- R.F Wittmeyer
- April 6, 2016
In the 1990s, we all learned the importance of seat belts from two crash test dummies. These seat belts may have saved many lives from car accidents or truck accidents. And all of this happened with a simple catch phrase: “You could learn a lot from a dummy. Buckle your safety belt.” Vince and Larry, the crash test dummies featured in a series of public service announcements produced by the U.S. Department of Transportation’s National Highway Traffic Safety Administration, became national personalities after getting flattened, ejected, and extricated from vehicles in an attempt to convince Americans of the importance of wearing their seat belts.
Their catchy slogans and hilarious demonstrations are said to be at least partially responsible for a substantial increase in seat belt usage in years following the ads, saving an estimated 85,000 lives from car and truck accidents. Once the NHTSA decided to revamp their campaign and part ways with the duo they adopted the slogan, “Buckle up, always” in an attempt to target part-time seat belt wearers. The modern slogan, on the other hand, appeals more to drivers’ wallets than their safety. “Click it or ticket” is the most successful seat belt enforcement campaign to date.
Crash Test Dummy Origin Story
Air Force Colonel John Paul Stapp, deemed the fastest man on earth, used his influence in 1967 to begin a crash test study program that would increase safety measures in both military aircraft and civilian automobiles. In addition to dummies, Stapp put human volunteers into salvaged vehicles and crashed them into wood or concrete barriers. Based on the results of these tests, he recommended several modern safety features such as doors with safety locks and dashboards with energy-absorbing padding.
Moving From Humans to Dummies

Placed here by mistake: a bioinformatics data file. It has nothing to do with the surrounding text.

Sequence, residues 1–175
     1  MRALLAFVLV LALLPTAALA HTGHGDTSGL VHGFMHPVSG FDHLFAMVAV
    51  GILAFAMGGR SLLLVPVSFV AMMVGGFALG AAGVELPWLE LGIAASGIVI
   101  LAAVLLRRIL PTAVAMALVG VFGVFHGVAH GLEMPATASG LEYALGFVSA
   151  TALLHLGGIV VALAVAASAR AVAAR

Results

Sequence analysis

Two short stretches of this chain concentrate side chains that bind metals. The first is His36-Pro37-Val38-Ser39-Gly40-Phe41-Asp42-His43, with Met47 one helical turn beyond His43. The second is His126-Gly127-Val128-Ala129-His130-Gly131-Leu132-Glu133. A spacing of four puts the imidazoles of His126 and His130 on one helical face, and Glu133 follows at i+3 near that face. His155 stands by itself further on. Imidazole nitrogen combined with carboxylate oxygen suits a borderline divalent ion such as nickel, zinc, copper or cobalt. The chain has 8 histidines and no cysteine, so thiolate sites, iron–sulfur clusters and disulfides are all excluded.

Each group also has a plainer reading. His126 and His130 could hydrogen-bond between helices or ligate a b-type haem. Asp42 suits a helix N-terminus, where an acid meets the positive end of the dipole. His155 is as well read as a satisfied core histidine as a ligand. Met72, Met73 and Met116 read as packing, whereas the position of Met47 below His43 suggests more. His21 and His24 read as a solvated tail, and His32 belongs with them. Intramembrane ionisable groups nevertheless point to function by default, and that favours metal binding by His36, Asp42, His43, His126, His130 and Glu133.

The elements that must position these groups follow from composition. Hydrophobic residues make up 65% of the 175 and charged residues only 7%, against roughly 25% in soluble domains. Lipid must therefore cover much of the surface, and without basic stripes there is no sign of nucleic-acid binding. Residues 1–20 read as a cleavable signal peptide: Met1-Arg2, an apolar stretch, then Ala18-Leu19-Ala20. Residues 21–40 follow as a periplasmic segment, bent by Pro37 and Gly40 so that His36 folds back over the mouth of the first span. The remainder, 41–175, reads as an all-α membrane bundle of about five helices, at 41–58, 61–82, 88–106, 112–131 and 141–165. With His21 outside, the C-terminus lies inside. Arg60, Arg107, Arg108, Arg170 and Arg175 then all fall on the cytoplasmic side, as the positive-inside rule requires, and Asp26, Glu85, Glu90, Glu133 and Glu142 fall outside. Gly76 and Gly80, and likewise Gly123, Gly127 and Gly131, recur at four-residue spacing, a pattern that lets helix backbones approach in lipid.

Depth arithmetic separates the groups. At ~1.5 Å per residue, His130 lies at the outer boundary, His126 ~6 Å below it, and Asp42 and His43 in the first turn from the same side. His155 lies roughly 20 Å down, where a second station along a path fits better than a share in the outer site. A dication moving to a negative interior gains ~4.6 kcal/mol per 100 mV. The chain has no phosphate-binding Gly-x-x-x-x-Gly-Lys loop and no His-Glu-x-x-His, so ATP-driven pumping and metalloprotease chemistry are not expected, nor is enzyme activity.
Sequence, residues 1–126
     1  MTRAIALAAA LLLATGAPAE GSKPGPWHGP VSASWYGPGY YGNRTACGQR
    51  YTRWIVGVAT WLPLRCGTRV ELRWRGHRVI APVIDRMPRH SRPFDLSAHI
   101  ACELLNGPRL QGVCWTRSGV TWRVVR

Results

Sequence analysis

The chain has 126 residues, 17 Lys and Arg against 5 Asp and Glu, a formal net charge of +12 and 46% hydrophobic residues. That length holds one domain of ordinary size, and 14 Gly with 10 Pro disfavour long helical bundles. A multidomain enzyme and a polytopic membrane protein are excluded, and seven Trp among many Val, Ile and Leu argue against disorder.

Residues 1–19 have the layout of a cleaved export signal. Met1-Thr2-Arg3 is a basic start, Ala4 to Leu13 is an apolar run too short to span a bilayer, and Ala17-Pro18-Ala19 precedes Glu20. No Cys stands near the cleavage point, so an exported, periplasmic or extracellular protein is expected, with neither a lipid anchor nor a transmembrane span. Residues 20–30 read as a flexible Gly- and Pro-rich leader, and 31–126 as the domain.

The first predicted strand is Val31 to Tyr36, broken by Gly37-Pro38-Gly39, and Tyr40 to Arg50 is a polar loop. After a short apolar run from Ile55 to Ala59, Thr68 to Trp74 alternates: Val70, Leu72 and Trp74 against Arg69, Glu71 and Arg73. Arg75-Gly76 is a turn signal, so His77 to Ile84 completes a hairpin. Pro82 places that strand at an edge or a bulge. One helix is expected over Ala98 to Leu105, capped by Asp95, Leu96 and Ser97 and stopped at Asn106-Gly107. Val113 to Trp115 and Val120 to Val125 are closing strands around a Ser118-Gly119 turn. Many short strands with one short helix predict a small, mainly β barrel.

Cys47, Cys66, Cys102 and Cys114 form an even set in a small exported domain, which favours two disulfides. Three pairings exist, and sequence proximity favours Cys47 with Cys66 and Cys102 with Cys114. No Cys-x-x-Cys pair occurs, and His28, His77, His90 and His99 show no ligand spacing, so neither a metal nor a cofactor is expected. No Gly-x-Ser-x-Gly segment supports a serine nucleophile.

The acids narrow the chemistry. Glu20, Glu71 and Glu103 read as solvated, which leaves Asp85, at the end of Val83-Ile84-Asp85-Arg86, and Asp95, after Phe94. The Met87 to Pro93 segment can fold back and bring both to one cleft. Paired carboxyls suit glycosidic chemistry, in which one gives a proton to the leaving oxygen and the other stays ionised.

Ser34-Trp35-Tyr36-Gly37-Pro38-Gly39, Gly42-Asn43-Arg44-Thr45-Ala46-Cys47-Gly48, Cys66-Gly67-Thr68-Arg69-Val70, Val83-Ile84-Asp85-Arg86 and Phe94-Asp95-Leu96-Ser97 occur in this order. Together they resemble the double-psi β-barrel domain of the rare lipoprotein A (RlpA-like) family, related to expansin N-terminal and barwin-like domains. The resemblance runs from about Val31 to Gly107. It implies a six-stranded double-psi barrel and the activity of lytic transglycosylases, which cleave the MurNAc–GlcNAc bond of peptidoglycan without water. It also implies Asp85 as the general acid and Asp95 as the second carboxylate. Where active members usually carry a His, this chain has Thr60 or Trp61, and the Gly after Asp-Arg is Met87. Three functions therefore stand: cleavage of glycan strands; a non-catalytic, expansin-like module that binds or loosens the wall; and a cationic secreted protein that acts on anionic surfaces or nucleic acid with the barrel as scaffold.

Enter Sierra Sam. Invented under a contract with the Air Force, Sierra Sam was the height and weight of a 95th percentile man and was used to test airplane ejection seats. After the success of Sierra Sam, Sierra Engineering tried their hand at making a modern vehicle crash test dummy but was outdone by General Motors (GM) who built the Hybrid I. Hybrid I was the first dummy manufactured specifically for the auto industry because it produced repeatable results. In 1972, GM created the Hybrid II crash test dummy. Made of steel, vinyl and rubber, this model improved knee, spine and shoulder responses in addition to documenting more accurate results for vehicle manufacturers. Another major difference between the Hybrid II and his predecessor is that the newer model was the size of a 50th percentile man in an attempt to more closely resemble the average size of the USA adult male population. Naturally, the Hybrid III followed and has since become the industry standard for evaluating automotive safety in frontal car accidents. Different versions of the Hybrid III are available to represent the varying sizes and ages of a vehicle occupant. Three Hybrid III child dummies were created in the sizes of a ten year old, a six year old, and an eight year old. Additionally, the Hybrid III was the first crash test dummy to include a female version designed to mimic the smallest segment of the adult population. Despite its use worldwide, the Hybrid III does have some limitations; specifically that it was rated for testing in frontal car accidents but does not produce useful results in side impact, rear impact or rollover car accidents.
THOR: The Future of the Crash Test Dummy
THOR stands for Test device for Human Occupant Restraint. The National Highway Traffic Safety Administration has spent several years and millions of research dollars developing this sophisticated crash test dummy. THOR’s advanced design features more than 50 sensors and offers more realistic car accident results than any crash test dummy before it. With multi-directional capabilities THOR can be used in a number of different tests ranging from a simulated neck strain due to sudden deceleration to a broken rib cage caused by a T-bone accident. While the Hybrid III came in at just over $170,000, building one THOR dummy costs around $400,000. Despite its steep price tag, the U.S. Department of Transportation, Japan Automobile Manufacturers Association, and European New Car Assessment Programme, all plan on utilizing THOR in the near future to conduct crash tests and increase vehicle safety. The U.S. will begin its use of THOR in 2019. THOR’s innovative designs aimed at identifying the risks involved with specific types of car accidents will hopefully pressure automakers to manufacture safer cars.